New report assesses content marketing best practices and why “age of infographics is dying”
Content, content, content; it’s the mantra which every marketing team worth its salt today lives by. Yet focusing on quality over quantity should be the defining factor, according to a new study released by B2B analyst firm Clutch.
Almost 80% of the 300 survey respondents in the report agreed that increasing their company’s online visibility is the main goal of content marketing campaigns compared to the rest who prioritised lead generation. But how much is too much before you upset the SEO gods?
Rand Fishkin, founder of SEO software firm Moz, argues content marketing and SEO are two sides of the same coin who ‘very much need each other’. “As far as SEO goes, without content there are no rankings and there is no opportunity to appear in results,” said Fishkin. In other words, as the report puts it: ‘content marketing is only effective when it’s done strategically…this means you can’t just churn out article after article’.
89% of respondents agree the amount of content a company creates is important; so what should be produced and when? For companies focused on brand awareness, infographics (19% of respondents) and product reviews (18%) were the content of choice, compared to SEO and lead generation where research and original data (21%) was most likely.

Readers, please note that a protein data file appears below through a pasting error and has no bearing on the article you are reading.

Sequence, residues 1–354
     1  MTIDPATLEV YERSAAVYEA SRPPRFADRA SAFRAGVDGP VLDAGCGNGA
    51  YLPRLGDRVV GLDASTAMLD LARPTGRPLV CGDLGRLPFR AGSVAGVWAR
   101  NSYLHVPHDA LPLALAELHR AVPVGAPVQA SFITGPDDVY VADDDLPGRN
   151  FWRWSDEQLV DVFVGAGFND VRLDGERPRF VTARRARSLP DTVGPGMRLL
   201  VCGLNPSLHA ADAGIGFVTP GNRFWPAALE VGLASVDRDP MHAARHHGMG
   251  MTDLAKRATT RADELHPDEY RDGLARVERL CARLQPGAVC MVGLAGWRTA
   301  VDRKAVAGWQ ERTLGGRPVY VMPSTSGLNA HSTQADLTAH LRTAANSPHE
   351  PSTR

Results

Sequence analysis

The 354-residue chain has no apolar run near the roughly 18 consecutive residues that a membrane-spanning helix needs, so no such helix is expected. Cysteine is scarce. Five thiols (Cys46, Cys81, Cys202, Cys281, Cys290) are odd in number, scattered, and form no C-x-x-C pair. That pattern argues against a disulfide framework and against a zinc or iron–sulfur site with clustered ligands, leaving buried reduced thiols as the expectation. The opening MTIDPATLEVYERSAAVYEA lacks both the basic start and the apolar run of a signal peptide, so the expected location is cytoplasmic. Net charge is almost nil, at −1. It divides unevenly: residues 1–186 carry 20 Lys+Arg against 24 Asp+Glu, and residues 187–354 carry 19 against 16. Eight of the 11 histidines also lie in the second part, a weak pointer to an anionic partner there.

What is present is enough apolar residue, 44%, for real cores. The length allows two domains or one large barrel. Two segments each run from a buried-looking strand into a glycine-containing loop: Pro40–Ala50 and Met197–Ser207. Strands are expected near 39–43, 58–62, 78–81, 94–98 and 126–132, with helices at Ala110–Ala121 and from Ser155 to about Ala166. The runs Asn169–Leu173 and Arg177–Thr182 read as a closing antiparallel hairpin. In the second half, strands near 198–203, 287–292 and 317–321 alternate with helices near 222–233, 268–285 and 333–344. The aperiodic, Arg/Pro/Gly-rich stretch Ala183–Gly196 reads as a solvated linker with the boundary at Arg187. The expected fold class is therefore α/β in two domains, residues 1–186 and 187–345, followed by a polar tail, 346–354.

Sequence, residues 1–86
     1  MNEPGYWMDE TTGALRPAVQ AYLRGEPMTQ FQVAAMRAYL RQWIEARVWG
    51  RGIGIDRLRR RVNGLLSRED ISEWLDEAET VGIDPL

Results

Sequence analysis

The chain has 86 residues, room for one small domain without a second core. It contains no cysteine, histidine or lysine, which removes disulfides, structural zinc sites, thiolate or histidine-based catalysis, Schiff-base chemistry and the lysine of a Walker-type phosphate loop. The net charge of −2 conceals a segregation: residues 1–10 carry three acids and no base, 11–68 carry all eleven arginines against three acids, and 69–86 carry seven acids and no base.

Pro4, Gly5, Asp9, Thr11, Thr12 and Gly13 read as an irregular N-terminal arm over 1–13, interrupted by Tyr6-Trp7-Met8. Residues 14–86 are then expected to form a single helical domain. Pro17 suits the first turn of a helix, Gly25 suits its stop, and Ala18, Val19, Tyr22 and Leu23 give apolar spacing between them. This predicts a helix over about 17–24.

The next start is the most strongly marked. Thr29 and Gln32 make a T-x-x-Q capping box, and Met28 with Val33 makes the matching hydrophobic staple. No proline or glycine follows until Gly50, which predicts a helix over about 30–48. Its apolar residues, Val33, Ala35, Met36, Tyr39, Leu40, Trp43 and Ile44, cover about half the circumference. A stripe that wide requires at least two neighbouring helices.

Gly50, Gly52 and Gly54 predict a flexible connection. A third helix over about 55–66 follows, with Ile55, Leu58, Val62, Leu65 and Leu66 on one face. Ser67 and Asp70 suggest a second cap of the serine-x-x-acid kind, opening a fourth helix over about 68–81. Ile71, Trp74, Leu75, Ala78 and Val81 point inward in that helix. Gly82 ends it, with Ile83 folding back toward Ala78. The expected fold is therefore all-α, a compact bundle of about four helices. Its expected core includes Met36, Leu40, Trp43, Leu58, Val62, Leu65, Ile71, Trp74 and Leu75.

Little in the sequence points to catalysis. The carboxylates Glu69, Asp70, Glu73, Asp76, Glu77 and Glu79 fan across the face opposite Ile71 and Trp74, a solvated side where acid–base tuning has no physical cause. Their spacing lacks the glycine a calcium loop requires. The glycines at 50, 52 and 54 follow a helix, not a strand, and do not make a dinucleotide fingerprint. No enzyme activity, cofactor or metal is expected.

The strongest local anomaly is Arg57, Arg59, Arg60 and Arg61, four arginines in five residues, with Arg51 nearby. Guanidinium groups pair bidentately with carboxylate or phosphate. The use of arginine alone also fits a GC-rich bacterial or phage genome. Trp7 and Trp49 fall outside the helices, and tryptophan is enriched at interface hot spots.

“The justification is that content that earns social shares typically is formatted for entertainment – list posts, videos, quizzes – while content that gets links and earned media is more informative”, the report explains.
Even though many companies are still producing infographics, the go-to content creation format of 2013 and before is losing traction, as Fishkin explained. “The age of infographics is dying, and most of them are quite bad,” he said. “The ones that have success do so in a slightly manipulative way. The embed gets linked back with very particular anchor texts that take advantage of search algorithms.”
Indeed, writing for this publication in 2015, Joel Windels, EMEA marketing manager at Brandwatch, summed it up while giving an optimistic message. “Reaching a saturation point does not have to mean the end,” he wrote. “For example, the extraordinary rise of Instagram proves that the thirst for information in visual format is still there. It just emphasises the need for a filter on quality, which in turn makes the context and messaging even more important.”
The report also looked at ‘content comprehensiveness’, and how Google is making it a greater priority. Like those who chase the magical secrets of SEO, it’s not always a clear-cut process, but Clutch argues content needs three tenets to stand out; audience intent – who is it for? – context – why should the reader care? – and what makes it stand out.
You can find out more by reading the full report here.
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